Lisa Fliegel
Trauma Specialist

Life in Eilat

I never knew there were over two hundred hotels in Eilat. The kibbutzniks from Nirim, just north of Nir Oz, are at the Astral Palma. The residents of Nir Yitzhak, about twenty kilometers south of Nir Oz, are at the Caesar Premier. When a missile soared over Eilat one morning this week (from Yemen, they said), the red alert sent everyone down to the “reinforced living areas” in the hotel basements. Afterwards, counselors headed to the Red Sea hotel to be with the people from Kibbutz Nir Oz.

Trauma causes the stress hormone cortisol to spike, and can bring on severe dehydration. So I began giving out cups of water to everyone in the lobby. As I moved through the Red Sea, I saw a little boy–he looked about nine–alone in a dining room, sitting with a plate of sliced red pepper and bread covered in white cheese. Israeli breakfast. I walked over, but didn’t introduce myself–I just sat down and said, “My friend, you’ve gotta drink water, it’s really, really important.”

He took a cup of water and said, “The terrorists stole everything from our house, all our possessions and put it in their truck. In our safe room my father was trying to hold the door closed, there was a latch on top of the door and if we could just get the latch closed they wouldn’t be able to get in, but they shot through the latch, they shot through the door and my father got hit in the leg and blood was pouring out of my dog. They were throwing in smoke bombs and we couldn’t breathe. My father opened a window, otherwise we would’ve choked to death. My little sister and brother were there, they jumped out the window, and my father kept calling the police and they said the army will come, that’s their job.”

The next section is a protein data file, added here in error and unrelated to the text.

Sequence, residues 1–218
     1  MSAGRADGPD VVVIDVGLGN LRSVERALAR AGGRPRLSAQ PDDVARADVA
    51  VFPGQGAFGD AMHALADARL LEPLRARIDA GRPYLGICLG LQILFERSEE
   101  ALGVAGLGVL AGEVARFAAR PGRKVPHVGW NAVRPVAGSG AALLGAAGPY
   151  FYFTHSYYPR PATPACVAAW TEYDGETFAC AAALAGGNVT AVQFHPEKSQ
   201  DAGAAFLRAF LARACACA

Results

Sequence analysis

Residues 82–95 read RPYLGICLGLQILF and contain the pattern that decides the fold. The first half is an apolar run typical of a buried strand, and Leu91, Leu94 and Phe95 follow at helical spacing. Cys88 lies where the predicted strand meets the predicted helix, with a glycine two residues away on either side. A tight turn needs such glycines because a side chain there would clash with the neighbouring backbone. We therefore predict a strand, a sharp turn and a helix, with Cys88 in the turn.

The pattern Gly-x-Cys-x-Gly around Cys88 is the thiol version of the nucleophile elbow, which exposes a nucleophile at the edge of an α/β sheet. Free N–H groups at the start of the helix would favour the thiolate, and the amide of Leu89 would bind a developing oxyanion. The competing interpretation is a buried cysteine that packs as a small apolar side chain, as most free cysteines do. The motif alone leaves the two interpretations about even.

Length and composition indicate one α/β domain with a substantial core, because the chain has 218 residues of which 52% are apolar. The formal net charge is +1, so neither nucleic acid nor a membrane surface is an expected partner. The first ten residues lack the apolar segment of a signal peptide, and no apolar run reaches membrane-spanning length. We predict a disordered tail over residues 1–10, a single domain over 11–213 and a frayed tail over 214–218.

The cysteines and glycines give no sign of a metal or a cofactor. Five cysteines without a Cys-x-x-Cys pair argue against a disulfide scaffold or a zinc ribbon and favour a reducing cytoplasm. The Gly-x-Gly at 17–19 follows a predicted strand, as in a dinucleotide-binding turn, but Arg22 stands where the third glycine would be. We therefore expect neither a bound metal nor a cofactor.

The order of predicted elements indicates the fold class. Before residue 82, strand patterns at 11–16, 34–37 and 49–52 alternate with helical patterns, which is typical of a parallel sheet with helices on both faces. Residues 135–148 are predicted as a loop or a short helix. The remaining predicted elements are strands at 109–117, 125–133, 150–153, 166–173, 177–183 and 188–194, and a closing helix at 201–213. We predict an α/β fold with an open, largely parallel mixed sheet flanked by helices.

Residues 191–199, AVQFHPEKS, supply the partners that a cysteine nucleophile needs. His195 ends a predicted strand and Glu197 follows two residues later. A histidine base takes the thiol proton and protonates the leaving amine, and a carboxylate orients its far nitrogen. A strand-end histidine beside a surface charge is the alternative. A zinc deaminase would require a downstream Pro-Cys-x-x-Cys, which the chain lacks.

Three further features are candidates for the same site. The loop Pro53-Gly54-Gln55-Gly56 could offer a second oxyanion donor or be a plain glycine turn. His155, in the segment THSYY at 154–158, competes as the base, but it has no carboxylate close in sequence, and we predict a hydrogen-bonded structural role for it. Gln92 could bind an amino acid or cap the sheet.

The soldiers came with armored buses, loaded everybody they could inside, and got the father to a hospital where his wound was taken care of. The boy said he asked a soldier if he could check on the dog and see if it was okay. “It was all covered in blood and they took it to a veterinarian–they had to amputate the tail.”

The boy got to go visit Mika on the moshav where she’s being boarded. He showed me bracelets he made for two of his friends who were kidnapped. He held up one skinny little wrist ringed with colored yarn: “To bring home my friend Yossi.” Also, his family was moving. Soon, he said, they’d be living in a high-rise apartment building in Carmei Gat, near Ashkelon. “Until they rebuild our kibbutz and then we’ll be able to go back home.”

About the Author
Lisa Fliegel is a Boston-based trauma specialist and American-Israeli writer who has worked internationally, including in Ireland, Israel and Palestine. She is a special clinical consultant to The Louis D. Brown Peace Institute, a grassroots non-profit serving survivors of victims of homicide.
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